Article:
Simple Tips for Selling to Recession-bashed Consumers in the ‘Recovery” Economy

Autobytel’s Dennis Colome gets back to basics with some smart tips for getting the most out of those online leads
In the roller coaster of today’s economy, there are three things that we can all be certain of: one—consumers continue to submit requests for vehicles online, two—online leads are among your most cost-effective customer generation tools, and three—consumers consistently look for ways to make car buying easier with less haggling. The question is: Does your dealership have the right best practices in place to leverage those leads and sell those cars?
I suggest going back to basics with a few simple and proven selling practices for working with today’s recession-bashed internet customer:
Know thy customer
Who is your 2010 online customer? Like the rest of us, your prospective customers have probably been buffeted by the economy, but are beginning to regain some confidence and to cautiously loosen those purse strings—as evidenced by the leads they submitted to your dealership. But it is important to take into account that this car buyer is probably a bargain hunter (like almost every consumer these days) who assumes a bad economy means universal fire sale prices—including at your dealership—and is indulging champagne fantasies on a beer budget. He or she has probably spent hours online, configuring vehicles, dreaming about that bigger engine, that GPS nav system, leather seats—basically ‘car-ing up’ online way beyond their means, but hoping against hope that the price quote will come back within their budget.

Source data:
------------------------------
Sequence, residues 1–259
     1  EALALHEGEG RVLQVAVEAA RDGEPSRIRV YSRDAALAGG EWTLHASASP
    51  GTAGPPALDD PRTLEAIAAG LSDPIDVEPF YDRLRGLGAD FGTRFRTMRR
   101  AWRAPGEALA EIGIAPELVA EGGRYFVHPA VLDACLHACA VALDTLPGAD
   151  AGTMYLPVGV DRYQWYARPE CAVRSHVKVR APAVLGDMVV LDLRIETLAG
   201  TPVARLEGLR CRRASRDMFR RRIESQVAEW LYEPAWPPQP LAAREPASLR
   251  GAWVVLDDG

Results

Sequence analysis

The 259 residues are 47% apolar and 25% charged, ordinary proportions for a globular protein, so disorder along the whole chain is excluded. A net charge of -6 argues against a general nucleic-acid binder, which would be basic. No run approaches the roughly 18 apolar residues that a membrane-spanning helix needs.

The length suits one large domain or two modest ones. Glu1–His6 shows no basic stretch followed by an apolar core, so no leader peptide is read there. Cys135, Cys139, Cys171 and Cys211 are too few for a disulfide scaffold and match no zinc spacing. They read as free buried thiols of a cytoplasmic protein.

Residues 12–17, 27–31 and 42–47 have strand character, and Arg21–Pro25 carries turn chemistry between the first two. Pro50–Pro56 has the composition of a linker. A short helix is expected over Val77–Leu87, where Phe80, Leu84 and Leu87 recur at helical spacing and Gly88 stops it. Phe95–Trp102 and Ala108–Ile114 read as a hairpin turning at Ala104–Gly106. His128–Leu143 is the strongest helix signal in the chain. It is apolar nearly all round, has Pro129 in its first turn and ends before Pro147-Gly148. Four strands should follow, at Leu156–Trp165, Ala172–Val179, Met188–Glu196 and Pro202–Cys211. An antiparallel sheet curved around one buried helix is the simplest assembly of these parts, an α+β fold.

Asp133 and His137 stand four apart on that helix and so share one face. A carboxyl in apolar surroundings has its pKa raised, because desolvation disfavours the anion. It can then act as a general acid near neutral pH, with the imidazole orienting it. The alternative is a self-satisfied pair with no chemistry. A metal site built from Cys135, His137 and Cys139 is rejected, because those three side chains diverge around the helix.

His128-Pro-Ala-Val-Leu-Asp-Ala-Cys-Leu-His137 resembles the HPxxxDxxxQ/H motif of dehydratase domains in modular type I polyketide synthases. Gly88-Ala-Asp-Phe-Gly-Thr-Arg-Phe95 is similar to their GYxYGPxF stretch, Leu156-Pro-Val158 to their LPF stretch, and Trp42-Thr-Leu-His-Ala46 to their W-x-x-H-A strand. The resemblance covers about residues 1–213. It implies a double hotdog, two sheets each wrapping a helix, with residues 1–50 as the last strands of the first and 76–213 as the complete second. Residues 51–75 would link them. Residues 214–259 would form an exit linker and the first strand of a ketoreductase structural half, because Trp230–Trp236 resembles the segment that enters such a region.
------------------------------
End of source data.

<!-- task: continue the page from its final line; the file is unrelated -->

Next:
Provide realistic vehicle choices
This is why it is critical to provide three vehicle choices that not only address those champagne tastes, but provide desirable beer-priced alternatives, including a used car option. I suggest each online lead response include the following:
1.       Closest match to originally requested vehicle.
2.       Vehicle that is ten percent less expensive (either new or used).
3.       Lower-priced than one or two, but similar, pre-owned vehicle (be sure to include a picture).
Remember that a third of consumers who submit a request for information on a new vehicle, end up purchasing a used vehicle.
Know thy database
Some of your recession-bashed customers have been dreaming about that car enough to dip a toe in the water by submitting a purchase request, but as of yet have been unwilling to take the full plunge and return your call or email. Don’t let that stop you. You still know a lot about that customer—enough to continue the dialogue with him/her. With the shelf life of purchase requests longer than ever, it is not uncommon to revitalize a customer, even after two years! Send weekly or bi-monthly ‘pre-owned special of the week’ emails targeted to that customer’s needs and the requested and/or existing vehicle. Remember, once a car lead has been in the system for 28 days, the odds of that consumer purchasing a used vehicle increases significantly.
Know how to talk to your customer
Many of the internet managers I work with have great success with a very simple technique; they ask their online prospects what they would change about their existing car, if they could. This not only provides critical selling information, but it opens up the dialogue, illuminating what that customer’s specific needs are so you can find the right vehicle for that customer, i.e. the vehicle he/she is willing to buy.
Whether our economy is in an up or down swing, applying these best practices should help you get the most out of your online leads, sell more cars more efficiently and build customer relationships for the long term.
Dennis Colome heads up Autobytel’s Dealership Training Programs. For more information email or visit



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